Thorpe Park Fright Nights 2019 run from 28th September to 3rd November – tickets are available here (or why not book a Fright Night Break?.
Thorpe Park Fright Nights 2017 . . .
Because a) I live too far away and b) I’m a massive scardy cat, I wasn’t able to attend the press launch of the 2017 Thorpe Park Fright Nights last night but I knew a girl who would! So, let me introduce you to my good friend and guest reviewer Cesca:
Hi, I’m Cesca. I am pretty lucky, I live in a bit of a “theme park Bermuda Triangle”, and am pretty much equi-distant to Thorpe Park, Chessington and Legoland. So, when Colette asked if I would like to attend Thorpe Park’s Fright Night I jumped at the chance!
On reflection this was a little fool hardy, I’m still not sleeping properly at night after being scared by ET: The Extra Terrestrial when I was five. But, duty called, so I took myself over to the park on an autumnal Thursday night to experience what was on offer.
Fright Night 2017 includes seven horror filled activities, plus the usual rides. On the launch night the 5 Fright Night mazes were open, and the park’s six biggest rides (Stealth, Swarm, Colossus, Saw : The Ride, Nemesis Inferno and Derren Brown’s Ghost Train) were running.
All throughout the park they’ve made a real effort with the Fright Night theming, it’s eerily dark, there are a few zombies on the loose and lots of scary noises and music are played which gets the old anxiety levels up! We did Stealth first, which for those who’ve never been is a bit like Alton Towers’ Rita, but on steroids. Daniela, my sister, is petrified of it for some reason so we were getting it done first. Even then I had to shout at her when she tried to bottle it and get off in the loading bay!!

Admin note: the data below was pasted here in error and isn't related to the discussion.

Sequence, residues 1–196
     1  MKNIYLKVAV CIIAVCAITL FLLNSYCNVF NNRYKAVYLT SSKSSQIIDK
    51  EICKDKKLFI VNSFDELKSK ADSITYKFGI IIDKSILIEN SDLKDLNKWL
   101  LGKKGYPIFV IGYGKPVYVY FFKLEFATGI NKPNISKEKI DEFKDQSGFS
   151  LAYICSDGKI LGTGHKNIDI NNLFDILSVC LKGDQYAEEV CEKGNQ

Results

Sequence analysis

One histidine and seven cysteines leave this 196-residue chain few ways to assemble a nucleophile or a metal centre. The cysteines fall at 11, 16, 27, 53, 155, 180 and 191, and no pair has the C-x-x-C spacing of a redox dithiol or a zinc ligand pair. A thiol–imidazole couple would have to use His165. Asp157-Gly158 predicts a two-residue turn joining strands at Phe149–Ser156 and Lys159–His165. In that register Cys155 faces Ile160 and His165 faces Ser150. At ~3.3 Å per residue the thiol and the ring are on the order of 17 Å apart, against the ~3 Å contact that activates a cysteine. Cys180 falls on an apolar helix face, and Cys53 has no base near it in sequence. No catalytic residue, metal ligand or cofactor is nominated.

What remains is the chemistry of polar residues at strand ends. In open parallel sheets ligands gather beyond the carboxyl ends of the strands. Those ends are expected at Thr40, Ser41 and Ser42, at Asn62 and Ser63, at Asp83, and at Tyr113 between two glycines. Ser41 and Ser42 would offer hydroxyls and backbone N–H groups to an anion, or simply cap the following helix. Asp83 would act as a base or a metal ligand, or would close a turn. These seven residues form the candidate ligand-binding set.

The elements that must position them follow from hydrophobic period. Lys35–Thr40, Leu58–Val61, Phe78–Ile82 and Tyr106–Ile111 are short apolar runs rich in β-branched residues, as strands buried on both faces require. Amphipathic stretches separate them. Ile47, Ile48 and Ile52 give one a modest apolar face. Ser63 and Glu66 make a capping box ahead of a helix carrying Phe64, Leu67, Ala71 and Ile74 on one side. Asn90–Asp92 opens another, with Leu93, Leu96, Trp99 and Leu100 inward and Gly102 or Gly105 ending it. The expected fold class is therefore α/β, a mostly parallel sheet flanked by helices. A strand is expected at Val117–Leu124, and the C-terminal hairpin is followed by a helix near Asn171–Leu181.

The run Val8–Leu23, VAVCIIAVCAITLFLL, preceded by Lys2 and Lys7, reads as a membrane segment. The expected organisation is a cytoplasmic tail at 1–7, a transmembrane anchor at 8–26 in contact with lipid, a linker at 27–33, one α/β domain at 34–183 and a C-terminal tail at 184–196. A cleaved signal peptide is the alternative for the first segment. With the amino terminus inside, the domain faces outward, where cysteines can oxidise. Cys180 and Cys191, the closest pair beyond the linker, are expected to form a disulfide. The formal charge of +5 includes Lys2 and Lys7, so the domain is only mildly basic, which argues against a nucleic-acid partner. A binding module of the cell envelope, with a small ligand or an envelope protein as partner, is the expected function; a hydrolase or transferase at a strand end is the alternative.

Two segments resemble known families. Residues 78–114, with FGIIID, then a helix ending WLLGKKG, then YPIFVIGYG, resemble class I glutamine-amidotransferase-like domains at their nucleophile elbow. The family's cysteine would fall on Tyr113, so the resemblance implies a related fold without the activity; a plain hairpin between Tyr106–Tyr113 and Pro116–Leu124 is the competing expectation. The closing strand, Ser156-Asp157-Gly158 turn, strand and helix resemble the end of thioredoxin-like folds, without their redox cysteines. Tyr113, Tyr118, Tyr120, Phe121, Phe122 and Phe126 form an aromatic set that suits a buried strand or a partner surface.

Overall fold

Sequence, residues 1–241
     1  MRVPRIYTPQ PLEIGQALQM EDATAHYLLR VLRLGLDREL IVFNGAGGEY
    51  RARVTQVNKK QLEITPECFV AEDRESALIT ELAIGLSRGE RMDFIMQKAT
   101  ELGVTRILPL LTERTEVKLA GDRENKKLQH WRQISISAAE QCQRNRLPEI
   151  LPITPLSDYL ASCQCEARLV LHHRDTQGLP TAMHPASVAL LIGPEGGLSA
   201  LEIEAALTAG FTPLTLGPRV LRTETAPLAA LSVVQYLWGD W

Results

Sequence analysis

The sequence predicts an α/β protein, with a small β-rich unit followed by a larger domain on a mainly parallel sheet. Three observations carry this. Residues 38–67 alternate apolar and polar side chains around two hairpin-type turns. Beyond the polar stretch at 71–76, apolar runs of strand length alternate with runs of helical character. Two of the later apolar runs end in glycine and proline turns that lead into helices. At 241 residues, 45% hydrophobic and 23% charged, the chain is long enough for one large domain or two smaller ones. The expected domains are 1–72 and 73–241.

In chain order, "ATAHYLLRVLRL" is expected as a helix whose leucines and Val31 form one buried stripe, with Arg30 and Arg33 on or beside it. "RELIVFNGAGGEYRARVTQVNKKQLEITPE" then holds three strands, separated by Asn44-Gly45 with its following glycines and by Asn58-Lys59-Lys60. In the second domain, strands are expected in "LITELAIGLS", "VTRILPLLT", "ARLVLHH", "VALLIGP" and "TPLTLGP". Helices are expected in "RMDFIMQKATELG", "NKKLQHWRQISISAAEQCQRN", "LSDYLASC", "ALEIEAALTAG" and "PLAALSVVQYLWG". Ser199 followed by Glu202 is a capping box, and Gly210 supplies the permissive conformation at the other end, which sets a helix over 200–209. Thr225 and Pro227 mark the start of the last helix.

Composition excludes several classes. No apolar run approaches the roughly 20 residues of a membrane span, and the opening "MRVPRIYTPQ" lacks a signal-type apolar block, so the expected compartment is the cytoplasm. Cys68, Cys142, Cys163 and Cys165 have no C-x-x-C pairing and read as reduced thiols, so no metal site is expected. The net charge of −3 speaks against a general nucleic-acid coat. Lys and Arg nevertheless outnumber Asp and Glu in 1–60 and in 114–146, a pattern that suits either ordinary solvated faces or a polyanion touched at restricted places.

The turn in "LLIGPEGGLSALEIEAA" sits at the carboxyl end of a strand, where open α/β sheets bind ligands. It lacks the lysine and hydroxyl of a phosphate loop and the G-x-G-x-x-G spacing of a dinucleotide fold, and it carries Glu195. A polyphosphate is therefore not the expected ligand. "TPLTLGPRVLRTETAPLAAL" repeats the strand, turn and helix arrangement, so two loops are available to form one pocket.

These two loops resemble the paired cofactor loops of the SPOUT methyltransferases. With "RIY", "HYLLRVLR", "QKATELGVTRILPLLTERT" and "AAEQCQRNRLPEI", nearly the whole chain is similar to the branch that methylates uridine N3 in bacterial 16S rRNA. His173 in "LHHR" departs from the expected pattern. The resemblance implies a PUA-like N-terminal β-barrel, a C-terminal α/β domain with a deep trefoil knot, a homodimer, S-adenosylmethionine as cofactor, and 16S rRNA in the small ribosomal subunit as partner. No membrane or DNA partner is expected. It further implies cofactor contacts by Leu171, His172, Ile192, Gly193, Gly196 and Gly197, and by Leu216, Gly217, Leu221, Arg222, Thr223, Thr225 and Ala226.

We then went on Swarm, which is another big coaster and really exhilarating in the dark! This looked amazing, with the car looping around a post apocalyptic wasteland themed area with menacing red lights on it.
At that point we happened to stumble across one of the mazes, Sanctum, which was themed around The Walking Dead series. There are some rules common across all mazes: they are designed to SCARE you! They are aimed at 13+ so aren’t suitable for young children. They use sounds, smoke, lights and smells for an immersive experience and they use live actors. The live actors WILL TOUCH you (and scare the living daylights out of you!!) but they will never hurt you. Well it’s fair to say I screamed the whole way round, (the man with his intestines out was disgusting) but we managed to escape the Zombies successfully.
We then went on Derren Brown’s Ghost Train, which is a virtual reality Ghost Train (I’m not allowed to spoil the secret by saying any more than that); suffice to say it’s like no other Ghost Train you’ve been on before!! I then forced my sister, who was still being a big jessie, onto Saw: The Ride, which is based on the Saw film franchise. Think chainsaws, and lots of Billy the Puppets with a huge rollercoaster and you’re on the right lines. Well, it was so scary – it was pitch black and you couldn’t see what was coming!